“Magic realism” or not???

One of the things that’s funny for me is that my books gets classified as fantasy. And while I ADORE fantasy, I tend to divide books in my own head between “fantasy” and “magic.” I have no idea if anyone else agrees with this distinction, but it’s how my brain shelves books.

I’ve blogged about this before, but there’s a big difference for me between a book in which a young adventurer sets forth to seek his destiny in a world full of unicorns (fantasy), a book in which a kid in THIS world finds a unicorn in their closet (magic), and a book where a kid from THIS world is magically transported into a world full of unicorns (both? I don’t know. It depends more on how much the land of unicorns affects this world, I guess, and whether the kid comes back. Maybe it’s also an issue of tone.)  These terms seem pretty arbitrary, I guess.  But arbitrary classifications  are sometimes useful for mulling and organizing.

While I like to read books about other worlds, I’m generally most interested in writing books about how realistic and magical elements in life bump up against each other. A unicorn or a dragon in your house is a PROBLEM, and it may be FUNNY, while also being AMAZING AND TRANSFORMATIVE, but no matter how many unicorns you may have in your closet, you will still have to deal with picking up your room/ failing math/ your best friend deciding he doesn’t like you any more, or your big sister’s meth problem. If you choose NOT to deal with those things, and to instead obsess over your unicorn, there WILL BE CONSEQUENCES.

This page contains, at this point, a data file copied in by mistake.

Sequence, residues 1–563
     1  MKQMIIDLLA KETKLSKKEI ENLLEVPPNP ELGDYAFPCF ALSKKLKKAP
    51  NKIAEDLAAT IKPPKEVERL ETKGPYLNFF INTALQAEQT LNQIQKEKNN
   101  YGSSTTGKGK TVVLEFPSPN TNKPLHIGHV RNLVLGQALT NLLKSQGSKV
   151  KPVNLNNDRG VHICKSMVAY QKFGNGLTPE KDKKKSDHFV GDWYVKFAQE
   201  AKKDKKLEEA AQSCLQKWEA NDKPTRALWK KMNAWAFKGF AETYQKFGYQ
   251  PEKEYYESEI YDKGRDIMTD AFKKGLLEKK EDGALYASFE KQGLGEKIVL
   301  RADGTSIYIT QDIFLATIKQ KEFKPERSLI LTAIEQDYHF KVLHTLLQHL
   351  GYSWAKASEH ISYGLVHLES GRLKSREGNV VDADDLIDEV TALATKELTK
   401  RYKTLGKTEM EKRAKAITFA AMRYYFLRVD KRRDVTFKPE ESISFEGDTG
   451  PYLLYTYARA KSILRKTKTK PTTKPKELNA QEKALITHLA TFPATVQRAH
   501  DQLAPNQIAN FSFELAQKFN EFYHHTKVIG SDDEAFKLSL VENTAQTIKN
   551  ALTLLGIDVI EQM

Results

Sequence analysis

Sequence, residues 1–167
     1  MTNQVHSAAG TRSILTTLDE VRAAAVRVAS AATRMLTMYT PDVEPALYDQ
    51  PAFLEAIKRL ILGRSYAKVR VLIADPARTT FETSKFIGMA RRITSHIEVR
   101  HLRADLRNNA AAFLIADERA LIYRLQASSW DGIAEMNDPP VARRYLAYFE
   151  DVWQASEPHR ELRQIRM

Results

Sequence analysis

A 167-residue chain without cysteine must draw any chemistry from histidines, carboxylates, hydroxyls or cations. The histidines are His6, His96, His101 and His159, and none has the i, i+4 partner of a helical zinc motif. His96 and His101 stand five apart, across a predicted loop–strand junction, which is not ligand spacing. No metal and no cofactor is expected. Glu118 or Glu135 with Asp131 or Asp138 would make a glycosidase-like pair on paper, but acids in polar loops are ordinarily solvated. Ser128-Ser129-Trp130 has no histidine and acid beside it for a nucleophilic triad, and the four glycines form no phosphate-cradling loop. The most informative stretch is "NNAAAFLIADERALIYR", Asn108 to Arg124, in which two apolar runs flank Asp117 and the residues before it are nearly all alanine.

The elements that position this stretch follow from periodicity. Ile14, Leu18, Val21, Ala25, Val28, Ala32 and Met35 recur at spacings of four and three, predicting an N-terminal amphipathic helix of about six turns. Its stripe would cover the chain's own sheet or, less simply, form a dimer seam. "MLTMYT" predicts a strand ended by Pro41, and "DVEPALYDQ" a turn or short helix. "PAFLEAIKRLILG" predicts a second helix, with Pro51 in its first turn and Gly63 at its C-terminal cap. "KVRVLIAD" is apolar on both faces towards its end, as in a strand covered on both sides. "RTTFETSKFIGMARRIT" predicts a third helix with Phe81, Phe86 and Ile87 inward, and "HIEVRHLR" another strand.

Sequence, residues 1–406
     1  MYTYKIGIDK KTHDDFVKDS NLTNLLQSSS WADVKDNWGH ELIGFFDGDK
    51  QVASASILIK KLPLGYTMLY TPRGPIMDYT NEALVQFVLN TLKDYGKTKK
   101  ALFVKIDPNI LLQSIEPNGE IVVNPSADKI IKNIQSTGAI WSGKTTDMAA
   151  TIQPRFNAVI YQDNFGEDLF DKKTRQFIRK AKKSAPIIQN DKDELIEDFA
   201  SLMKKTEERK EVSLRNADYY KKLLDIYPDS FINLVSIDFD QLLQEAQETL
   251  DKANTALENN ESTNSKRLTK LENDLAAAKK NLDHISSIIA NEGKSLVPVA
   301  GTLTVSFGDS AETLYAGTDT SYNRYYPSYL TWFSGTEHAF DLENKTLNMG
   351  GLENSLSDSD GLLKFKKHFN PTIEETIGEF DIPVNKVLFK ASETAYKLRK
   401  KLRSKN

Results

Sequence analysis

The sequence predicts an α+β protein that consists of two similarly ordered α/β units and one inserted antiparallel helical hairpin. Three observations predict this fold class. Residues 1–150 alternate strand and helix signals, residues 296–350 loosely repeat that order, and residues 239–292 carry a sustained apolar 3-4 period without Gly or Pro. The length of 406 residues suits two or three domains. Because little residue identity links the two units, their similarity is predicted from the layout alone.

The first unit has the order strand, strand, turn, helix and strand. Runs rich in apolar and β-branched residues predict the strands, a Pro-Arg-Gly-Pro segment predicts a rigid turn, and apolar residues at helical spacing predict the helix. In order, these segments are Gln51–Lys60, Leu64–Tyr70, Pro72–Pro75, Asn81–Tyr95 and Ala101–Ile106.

Magical elements can function in all kinds of ways when they rub up against the real world. They can be escape, or education. They can become more real than the real world, or be outgrown. The main character can be aware of all of these factors, or clueless about them.

As a writer, the world building is different with a magic book.  There’s less work to do in some ways. You don’t have to construct a logic for the universe. You don’t have to invent the wheel.  In other ways, you can easily back yourself into a corner, trying to apply the logic of your magic to the rules of this world.  I think this is why time travel is so hard to execute, in particular.

Recently, I’ve been hearing the term “magic realism” applied to children’s books.  Some people have called Bigger than a Bread Box an example of “magic realism.”  I find this interesting, and I’m not sure what I think about it.  I encountered this term a lot as an undergrad, reading authors like Gabriel Garcia Marquez.   So far as I can tell, we’ve never had to apply this term to Kidlit before, because we’ve always just done whatever the hell we felt like with magic. Magic is fun to write about, and so we do it.  I’ve always assumed that literary fiction had to adopt a fancy term to make it okay to write about magic, because grownups get weird about fantasy and magic. Being all adult and mature and wise and whatnot. They’ve outgrown games and fun and imagination.  So they prefer a different term.